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Life, Luck and Language

During the Christmas period, I happened to be travelling on public transport. I observed a boy of about 4 years old who persevered in engaging with an adult in conversation where the adult clearly did not want to converse. Watching this was reassuring in many ways, yet it turned my thoughts to the role of nature and nurture in communication development. The big question in my head was and still is: what made him keep trying?

Risk and resilience

There are a range of factors that can influence how communication skills develop in the early years. Some factors can pose risks whilst others influence resilience. The two are not mutually exclusive.

If we look at risk and resilience in terms of nature and nurture, then we can widen our perspective of the interaction between a range of factors. Let’s look at these in turn.

Risk factors arising from nature include:

  • Family history of speech, language and communication needs (SLCN)
  • Sensory impairment (hearing or vision)
  • Other medical conditions e.g. Cerebral Palsy
  • Cognitive impairment
  • Genetic conditions eg. Down’s Syndrome.

Risk factors arising from nurture include:

  • Low socio-economic background (Locke, Ginsborg & Peers; 2002)
  • Disordered attachment (Barlow et al; 2016)
  • Physical/mental illness in carer
  • Carer’s communicative behaviours (e.g. reduced responsiveness)
  • Carer practices (eg. wallpaper TV).

Risk factors arising from nature such as intermittent hearing loss and subsequent communication needs have been identified as causal links (see Shriberg, Friel-Patti, Flipsen & Brown; 2000).

Then again, babies and young children who smile and initiate less, cry a lot or are regarded as unsettled (perhaps due to illness or distress) will be at further risk of fewer and less rewarding ‘conversations’ with their carer/s. This in turn can negatively influence a baby’s communicative behaviour by diminishing their responsiveness.

There is increasing controversy surrounding risk factors that affect nurture. It is important here to state that children from all social groups are equally as likely to be affected by Developmental Language Disorder (DLD) or other language disorders associated with other conditions e.g. autism (I CAN Early Talk: Working with Under Threes; 2018).

However, delayed language has been statistically linked to a range of socio-economic factors, including social disadvantage. One particularly stark report identified the percentage of children negatively affected at 84% (www.stokespeaksout.co.uk)

Other risk factors, such as carer’s communicative behaviours and carer practices are often regarded as causal factors. Yet such behaviours may vary from family to family and are likely to be influenced by a variety of circumstances such as: family make up, environmental influences and social conventions.

Making the most of what you’ve got

What I want to focus on is that risk factors can and do have an impact on communication development. However, it is worth noting that:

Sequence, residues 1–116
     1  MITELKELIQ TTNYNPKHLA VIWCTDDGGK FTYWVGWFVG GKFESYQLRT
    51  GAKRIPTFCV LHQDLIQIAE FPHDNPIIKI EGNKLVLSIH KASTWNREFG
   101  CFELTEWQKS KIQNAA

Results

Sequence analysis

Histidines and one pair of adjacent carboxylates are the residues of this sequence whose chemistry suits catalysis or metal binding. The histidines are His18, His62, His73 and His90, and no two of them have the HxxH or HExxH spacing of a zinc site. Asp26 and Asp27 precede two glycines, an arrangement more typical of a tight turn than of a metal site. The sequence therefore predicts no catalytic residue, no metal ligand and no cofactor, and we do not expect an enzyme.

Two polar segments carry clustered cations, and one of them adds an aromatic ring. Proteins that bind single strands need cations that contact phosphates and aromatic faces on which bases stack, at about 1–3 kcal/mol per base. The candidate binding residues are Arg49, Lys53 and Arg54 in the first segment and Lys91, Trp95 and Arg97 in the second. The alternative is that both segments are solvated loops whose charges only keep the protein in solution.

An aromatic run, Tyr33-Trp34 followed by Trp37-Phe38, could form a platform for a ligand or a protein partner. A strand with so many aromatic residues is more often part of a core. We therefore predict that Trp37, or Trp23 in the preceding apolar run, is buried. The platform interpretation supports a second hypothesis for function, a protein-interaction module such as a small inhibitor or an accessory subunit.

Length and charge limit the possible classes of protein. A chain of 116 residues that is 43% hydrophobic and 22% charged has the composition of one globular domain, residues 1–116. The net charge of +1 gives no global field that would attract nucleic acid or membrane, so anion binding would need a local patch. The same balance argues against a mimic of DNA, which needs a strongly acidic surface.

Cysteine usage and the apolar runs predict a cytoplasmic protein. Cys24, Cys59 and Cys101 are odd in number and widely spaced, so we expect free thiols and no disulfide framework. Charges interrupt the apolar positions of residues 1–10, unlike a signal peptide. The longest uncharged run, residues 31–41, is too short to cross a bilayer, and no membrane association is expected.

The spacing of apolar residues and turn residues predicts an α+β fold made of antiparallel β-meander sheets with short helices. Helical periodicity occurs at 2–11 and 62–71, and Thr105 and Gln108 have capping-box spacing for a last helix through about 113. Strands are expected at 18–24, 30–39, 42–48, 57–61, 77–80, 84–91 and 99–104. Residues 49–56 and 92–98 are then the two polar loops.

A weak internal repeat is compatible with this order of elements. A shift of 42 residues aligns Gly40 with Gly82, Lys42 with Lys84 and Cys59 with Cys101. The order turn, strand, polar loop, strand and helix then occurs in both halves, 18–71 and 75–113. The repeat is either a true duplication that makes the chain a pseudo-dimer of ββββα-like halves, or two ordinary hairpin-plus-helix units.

• None of these factors discussed above can determine outcomes for any child
  • Any communication needs will arise out of the complex interaction of a range of factors
  • Some factors are intrinsic in a child and may pose either a risk or support development of resilience
  • Other risk factors may be environmental
  • Some factors support a child to redress other risk factors (adult carers who engage in frequent play activity with their child).

What can I do to help every child reach their full potential?

  • Each child should be considered individually
  • Observing, monitoring and planning are key steps to ensuring any needs are identified; these approaches also enable development through a range of support and activities
  • Always try to work in partnership with parents and carers to maintain a holistic approach;
  • Collaborate with other professionals outside of your setting to ensure there is joined up planning and coordination of agreed upon approaches
  • Have warmth and responsiveness as key elements in all your interactions with children; these are crucial approaches in helping with attachment and development of communication skills.

Conclusion

Children bring aspects of nature that can support their communication development or in some cases, make it more challenging. As adults, we have a role in providing support, routines, activities and interaction opportunities for all children.

Jon Gilmartin is a speech and language therapist who specialises in working with early years practitioners and families with young children. As a Speech and Language Advisor for I CAN, he delivers training to early years professionals and supports them to develop their practice. He also works on I CAN’s Enquiry Service providing information, advice and support for practitioners and parents. You can contact Jon directly on I CAN’s Enquiry Service by calling 0207 843 2544 or sending an email to enquiries@ican.org.uk 

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